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    2. According to the manufacturer, you can recycle ONLY two of the hundreds of varieties of pods, and you can recycle ONLY the bottom part and ONLY if you separate and empty it, and of course you can ONLY put it into a bin where #5 plastic is accepted--many recycling programs take only #1 and #2. Most varieties of pods are made from several different types of plastic that can't be easily separated for recycling.

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  4. This is a great list! For me, another advantage of reducing waste has been discovering options that I like a lot better than the more wasteful ones. For example, the alternatives to disposable pads and tampons are much more comfortable, and some are MORE convenient than the disposable stuff!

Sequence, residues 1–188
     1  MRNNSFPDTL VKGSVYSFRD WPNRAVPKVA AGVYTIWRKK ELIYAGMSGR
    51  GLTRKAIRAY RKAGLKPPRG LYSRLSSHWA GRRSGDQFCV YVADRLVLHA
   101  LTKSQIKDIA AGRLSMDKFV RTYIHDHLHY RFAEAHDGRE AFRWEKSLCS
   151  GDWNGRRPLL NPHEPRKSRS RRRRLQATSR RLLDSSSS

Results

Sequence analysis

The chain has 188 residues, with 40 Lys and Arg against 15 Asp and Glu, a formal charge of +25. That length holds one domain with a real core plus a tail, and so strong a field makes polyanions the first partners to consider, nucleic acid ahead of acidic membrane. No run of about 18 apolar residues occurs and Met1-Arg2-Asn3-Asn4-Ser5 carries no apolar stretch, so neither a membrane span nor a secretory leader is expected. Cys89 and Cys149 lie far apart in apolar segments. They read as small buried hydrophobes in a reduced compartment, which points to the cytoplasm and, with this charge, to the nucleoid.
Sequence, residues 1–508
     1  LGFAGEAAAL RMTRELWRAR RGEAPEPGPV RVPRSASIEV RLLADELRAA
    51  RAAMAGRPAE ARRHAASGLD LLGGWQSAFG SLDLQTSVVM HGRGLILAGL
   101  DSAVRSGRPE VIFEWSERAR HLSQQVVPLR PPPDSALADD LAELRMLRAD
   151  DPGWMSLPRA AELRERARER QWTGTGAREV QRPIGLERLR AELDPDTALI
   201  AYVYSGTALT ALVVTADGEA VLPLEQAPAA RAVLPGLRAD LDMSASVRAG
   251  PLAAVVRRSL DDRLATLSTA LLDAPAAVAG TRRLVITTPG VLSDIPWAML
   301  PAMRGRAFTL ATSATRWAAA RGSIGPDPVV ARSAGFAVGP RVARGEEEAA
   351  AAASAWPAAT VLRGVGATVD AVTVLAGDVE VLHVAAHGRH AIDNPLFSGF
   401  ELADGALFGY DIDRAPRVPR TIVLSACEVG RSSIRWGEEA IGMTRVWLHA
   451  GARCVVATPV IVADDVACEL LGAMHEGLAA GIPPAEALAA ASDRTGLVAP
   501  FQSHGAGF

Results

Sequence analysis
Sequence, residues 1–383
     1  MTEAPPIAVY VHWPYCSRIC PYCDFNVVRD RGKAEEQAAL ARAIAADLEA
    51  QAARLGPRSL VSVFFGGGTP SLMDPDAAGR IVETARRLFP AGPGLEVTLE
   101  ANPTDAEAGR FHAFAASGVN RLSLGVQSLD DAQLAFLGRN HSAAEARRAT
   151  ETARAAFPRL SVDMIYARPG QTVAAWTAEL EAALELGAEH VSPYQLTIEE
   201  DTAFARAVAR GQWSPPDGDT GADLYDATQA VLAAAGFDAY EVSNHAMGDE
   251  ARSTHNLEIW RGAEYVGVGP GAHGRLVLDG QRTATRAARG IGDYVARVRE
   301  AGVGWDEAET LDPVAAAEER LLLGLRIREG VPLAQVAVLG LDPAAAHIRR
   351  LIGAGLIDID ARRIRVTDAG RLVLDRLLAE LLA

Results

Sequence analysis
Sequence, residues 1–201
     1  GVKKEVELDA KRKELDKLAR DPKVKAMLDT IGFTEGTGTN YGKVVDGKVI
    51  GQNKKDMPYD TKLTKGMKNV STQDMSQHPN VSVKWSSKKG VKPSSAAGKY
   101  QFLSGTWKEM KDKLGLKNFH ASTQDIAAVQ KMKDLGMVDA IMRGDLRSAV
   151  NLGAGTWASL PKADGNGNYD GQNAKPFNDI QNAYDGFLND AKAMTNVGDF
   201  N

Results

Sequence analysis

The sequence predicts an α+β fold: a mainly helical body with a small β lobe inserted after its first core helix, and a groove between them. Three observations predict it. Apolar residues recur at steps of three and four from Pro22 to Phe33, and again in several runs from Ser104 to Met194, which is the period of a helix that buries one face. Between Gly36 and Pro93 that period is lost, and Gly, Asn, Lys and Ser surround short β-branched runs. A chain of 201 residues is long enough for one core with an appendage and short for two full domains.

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    Replies
    1. YES! After I switched, I wished I had done it years ago.

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  5. This is so true and I actually have a blog brewing in my mind about zero waste that could have an impact zero waste. Thank you so much for joining in with my #GoingGreenLinky and I hope you can join in with the next one that opens on June 5th

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    1. I'll be there! I actually just stopped by because I thought I had missed it! :)

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  6. Sometimes we end up with plastic bags (among other things). The guilt is incredible, but we just aren't there yet. Sometimes I do bag penance to offset a bit of the guilt. I try to fill them with garbage I pick up from the park or other public places before I throw them out. It's a little thing, but it makes me feel better :)